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DIVERSITY, EQUITY, AND INCLUSION

BUILDING
DIVERSE AND
INCLUSIVE SPACES

GCU Student smiling

DIVERSITY, EQUITY, AND INCLUSION

AT GEORGIAN COURT

Georgian Court University provides students with wide-ranging experiences to ensure they graduate with the knowledge and skills necessary for living, working, and thriving in a global society. We strive to create academic spaces and work environments in which diversity, equity, and inclusion are visibly celebrated and promoted. At the heart of our DEI efforts is the desire to build a respectful community that recognizes and welcomes the full spectrum of humanity. This is achieved through university programming, training for faculty and staff, as well as academic and financial support for GCU students.

The Office of Diversity, Equity, and Inclusion represents our strong commitment to the mission and mercy core values of respect, integrity, justice, compassion, and service. Launched in January 2021, our office includes two Chief Diversity Officers (CDOs) and four committees under the Council for Diversity, Equity, and Inclusion (CDEI). Together, we advance DEI as part of GCU’s larger vision for a social justice that centers the dignity of the whole person.

CDEI Mission

Led by the Office of Diversity, Equity and Inclusion, GCU’s DEI facilitates diversity, equity, and inclusion efforts in all university operations and within the local community. Specifically, we work to:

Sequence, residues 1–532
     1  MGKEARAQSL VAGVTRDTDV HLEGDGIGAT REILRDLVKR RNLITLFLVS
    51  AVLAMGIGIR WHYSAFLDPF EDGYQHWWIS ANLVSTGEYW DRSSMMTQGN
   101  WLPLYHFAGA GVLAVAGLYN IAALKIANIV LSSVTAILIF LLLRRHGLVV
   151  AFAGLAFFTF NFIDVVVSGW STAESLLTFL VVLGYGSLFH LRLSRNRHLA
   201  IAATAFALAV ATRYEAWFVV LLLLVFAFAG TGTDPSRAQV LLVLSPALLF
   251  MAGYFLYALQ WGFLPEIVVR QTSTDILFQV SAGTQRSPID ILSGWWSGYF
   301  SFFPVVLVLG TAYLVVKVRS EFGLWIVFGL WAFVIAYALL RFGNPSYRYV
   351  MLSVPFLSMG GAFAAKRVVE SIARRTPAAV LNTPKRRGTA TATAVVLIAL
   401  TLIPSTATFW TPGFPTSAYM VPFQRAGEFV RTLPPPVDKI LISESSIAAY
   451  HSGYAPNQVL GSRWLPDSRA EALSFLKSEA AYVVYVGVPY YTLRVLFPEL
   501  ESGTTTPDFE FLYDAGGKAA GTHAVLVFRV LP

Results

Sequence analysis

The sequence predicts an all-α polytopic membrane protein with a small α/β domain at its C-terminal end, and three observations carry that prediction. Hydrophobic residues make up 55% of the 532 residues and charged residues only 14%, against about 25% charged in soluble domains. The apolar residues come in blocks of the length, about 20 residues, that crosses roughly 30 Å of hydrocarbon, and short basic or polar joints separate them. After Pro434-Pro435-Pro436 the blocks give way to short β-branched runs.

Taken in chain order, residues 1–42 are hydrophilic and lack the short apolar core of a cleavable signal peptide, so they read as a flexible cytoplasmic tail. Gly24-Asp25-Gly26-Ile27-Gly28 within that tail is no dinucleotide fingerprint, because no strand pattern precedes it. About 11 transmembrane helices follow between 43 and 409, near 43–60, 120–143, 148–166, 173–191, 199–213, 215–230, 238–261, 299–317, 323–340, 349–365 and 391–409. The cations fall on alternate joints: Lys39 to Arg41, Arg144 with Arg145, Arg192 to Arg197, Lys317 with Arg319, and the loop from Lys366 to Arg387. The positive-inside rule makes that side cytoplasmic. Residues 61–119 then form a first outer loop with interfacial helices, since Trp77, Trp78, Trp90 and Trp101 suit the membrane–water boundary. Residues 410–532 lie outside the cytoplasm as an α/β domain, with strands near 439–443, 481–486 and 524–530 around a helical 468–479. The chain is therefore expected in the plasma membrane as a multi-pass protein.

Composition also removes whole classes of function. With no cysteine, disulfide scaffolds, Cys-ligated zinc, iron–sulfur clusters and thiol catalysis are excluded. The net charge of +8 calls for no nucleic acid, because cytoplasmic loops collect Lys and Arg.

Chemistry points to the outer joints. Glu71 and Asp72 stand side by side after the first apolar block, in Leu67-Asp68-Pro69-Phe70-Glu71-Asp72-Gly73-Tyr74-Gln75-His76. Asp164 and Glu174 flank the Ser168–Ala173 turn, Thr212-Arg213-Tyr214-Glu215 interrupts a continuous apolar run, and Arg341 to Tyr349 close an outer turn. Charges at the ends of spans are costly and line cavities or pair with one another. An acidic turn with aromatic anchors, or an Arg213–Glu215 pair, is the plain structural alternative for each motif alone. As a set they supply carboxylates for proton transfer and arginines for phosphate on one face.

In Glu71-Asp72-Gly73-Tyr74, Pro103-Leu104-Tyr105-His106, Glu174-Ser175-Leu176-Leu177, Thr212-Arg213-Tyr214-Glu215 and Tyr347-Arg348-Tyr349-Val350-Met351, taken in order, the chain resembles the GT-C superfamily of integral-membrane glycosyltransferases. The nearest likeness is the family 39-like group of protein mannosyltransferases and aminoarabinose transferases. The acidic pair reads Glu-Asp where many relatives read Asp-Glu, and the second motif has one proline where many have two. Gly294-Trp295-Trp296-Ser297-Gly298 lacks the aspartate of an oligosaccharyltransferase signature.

• Promote awareness of diversity/inclusion related issues through campus-wide programming and educational opportunities
  • Ensure that GCU actively recruits and retains a diverse university community
  • Advise GCU leadership on matters relevant to campus-wide diversity, equity, and inclusion
  • Gather and assess the overall GCU campus climate as it relates to diversity, equity, and inclusion

GCU’s Chief Diversity Officers

The CDOs are charged with leading institutional diversity, equity, and inclusion efforts. One role is focused on institutional and student affairs and the other on academic affairs and community outreach. The CDOs collaborate with each other and the CDEI to align and bring common purpose to the university’s DEI efforts grounded in the Mercy core values.

DIVERSITY, EQUITY, AND INCLUSION

YOU WON’T JUST FINISH COLLEGE. YOU’LL THRIVE.

We’re actively working to redefine who gets to go to college—and who graduates. Through new initiatives and programs, we’re making sure that students from diverse backgrounds get the academic support, mentoring, resources, and financial aid they need to succeed. In addition to our high retention and graduation rates, GCU is a “Top Performer” for social mobility (U.S. News & World Report). Our goal is to continue improving access to education and inclusivity for underrepresented student populations.

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Chief Diversity Officers dedicated to advancing diversity, equity, and inclusion across campus

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Multicultural student organizations that celebrate racial and ethnic diversity

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Academic support workshops for Latinx, first-generation college students who are accepted to our VAMOS cohort program

97%+

Percentage of incoming students receiving aid, with 100% of full-time first-year students being offered aid in 2021-2022
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TOTAL STUDENT POPULATION (2021-2022)

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STATES AND COUNTRIES REPRESENTED